Dinosaur Jr., Carla Geneve + more: our five favourite records of the week

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Dinosaur Jr., Carla Geneve + more: our five favourite records of the week

Words by Will Brewster

Plus Alfa Mist, The Mars Volta and Mike Dean.

Friday is here, which means it’s release day for a bunch of artists at home and around the world. With so many hot releases out there to tuck into, we’ve compiled some of the best to present to you for the weekend.

This week, we’ve got the new one from alt-rock royalty Dinosaur Jr., plus a commanding debut from Perth’s Carla Geneve and the latest from UK jazz talent Alfa Mist, plus an unearthed early rarity from The Mars Volta and iconic producer Mike Dean’s sequel to last year’s hazy synth odyssey, 4:20. 

This week’s top picks:

  • Dinosaur Jr. – Sweep It Into Space 
  • Carla Geneve – Learn To Like It 
  • Alfa Mist – Bring Backs
  • The Mars Volta – Landscape Tantrums (Unfinished Original Recordings of De-Loused In The Comatorium)
  • Mike Dean – 4:22

Read all the latest music news here.

Dinosaur Jr. – Sweep It Into Space 

For their first full-length release in five years, alternative rock legends Dinosaur Jr. recruit the production nous of Kurt Vile and play to their strengths to offer a strong record that showcases their studio chemistry. Sweep It Into Space is essential Dinosaur Jr. – there’s fuzzy guitar solos galore, addictive choruses in abundance and a crunchy production value that makes it feel all the more familiar and comforting.

‘I Ain’t’ kicks off the record in fine fashion with its thick guitar tone and chorus harmonies, while ‘I Met The Stones’ and ‘To Be Waiting’ both provide quintessential J. Mascis shred moments – the latter in particular also featuring a killer drum performance from Murph.

‘I Ran Away’ sees Mascis and Vile trade guitar lines on a jangly, Thin Lizzy-inspired cut, and serves as one of Mascis’ best vocal and lyrical moments on the album. ‘Garden’, meanwhile, sees bassist Lou Barlow assume songwriting and lead vocal duties – as is the norm for two songs on every Dino release – and potentially could be his best songwriting contribution to the band yet, with ‘Hide Another Round’ and ‘I Expect It Always’ following up with more fuzz-heavy riffage.

On ‘Take It Back’, Mascis implements a jaunty piano line to make for one of the record’s most effervescent moments before the record ends on a high with ‘N Say’, ‘Walking To You’ (a masterclass in effects pedal stacking on behalf of Mascis) and Barlow’s ‘You Wonder’. Decades after their cultural prime, Dinosaur Jr. are sounding just as tight as ever, and Sweep It Into Space is just the proof in the pudding.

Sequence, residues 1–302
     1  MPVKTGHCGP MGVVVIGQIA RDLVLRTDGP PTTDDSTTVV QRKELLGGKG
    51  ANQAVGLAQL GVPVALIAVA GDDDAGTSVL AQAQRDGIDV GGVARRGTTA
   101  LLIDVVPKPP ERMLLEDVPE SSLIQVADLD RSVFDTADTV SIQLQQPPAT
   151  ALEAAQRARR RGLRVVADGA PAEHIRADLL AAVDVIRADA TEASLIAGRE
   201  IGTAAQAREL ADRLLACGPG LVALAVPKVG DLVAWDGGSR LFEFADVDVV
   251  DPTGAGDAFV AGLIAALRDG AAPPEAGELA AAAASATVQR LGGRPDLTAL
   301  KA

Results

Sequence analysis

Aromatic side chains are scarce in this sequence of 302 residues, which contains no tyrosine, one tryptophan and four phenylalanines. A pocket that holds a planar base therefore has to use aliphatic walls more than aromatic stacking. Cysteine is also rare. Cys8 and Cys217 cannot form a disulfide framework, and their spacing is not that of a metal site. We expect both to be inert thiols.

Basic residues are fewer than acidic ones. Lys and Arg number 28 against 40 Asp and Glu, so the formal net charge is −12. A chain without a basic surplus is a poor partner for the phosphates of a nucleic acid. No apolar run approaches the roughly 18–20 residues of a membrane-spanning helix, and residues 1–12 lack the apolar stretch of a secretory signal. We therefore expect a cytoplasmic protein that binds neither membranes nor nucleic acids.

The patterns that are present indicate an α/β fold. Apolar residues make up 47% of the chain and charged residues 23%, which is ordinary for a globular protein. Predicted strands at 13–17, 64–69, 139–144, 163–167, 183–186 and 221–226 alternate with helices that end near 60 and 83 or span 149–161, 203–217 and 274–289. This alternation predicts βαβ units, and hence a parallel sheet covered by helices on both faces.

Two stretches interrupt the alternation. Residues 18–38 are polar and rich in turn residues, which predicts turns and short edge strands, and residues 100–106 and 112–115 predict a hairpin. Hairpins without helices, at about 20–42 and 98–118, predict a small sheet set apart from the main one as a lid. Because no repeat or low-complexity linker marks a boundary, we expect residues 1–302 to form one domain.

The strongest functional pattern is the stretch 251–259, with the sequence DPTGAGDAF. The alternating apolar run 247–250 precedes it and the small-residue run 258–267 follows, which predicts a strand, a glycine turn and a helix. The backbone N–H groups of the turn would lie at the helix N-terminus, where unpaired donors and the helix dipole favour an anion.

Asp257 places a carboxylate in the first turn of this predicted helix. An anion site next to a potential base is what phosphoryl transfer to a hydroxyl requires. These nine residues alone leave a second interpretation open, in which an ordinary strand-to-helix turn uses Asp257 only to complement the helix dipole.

Carla Geneve – Learn To Like It 

Carla Geneve might just be one of Australia’s most exciting young songwriters. Her songs are scarily relatable and jam-packed with life experiences and metaphors, and on her new album Learn To Like It, she hones her craft further as she writes of personal growth, discovery and mental health. It’s a stellar listen, and poises Geneve as an artist on the cusp of exploding globally.

‘Don’t Wanna Be Your Lover’ is delightfully spacious in its production, giving ample room for Geneve’s vocals to take the spotlight for extra emphasis. Similarly, ‘The Right Reasons’ features hushed guitar and subtle bass and drum performances, with Geneve delivering a vocal performance that’s drenched in melancholy and heartache. It’s moments like these where Learn To Like It hits the hardest emotionally and sonically, proving testament to both Geneve’s own songwriting chops and the tasteful playing of her counterparts.

In stark contrast, recent single ‘Dog Eared’ offers a much more alt-tinged take on Geneve’s sound, contrasting her rediscovery of screamo classics with a recount of a self-doubt heavy breakdown, with other tracks like ‘I Never Noticed The Weight’ and ‘Residue’ delving into similar topics. It’s evident that Geneve is a deeply self-referential songwriter and much of Learn To Like It possesses a uniquely cathartic quality, making for one of the most impacting Australian releases so far this year.

Alfa Mist – Bring Backs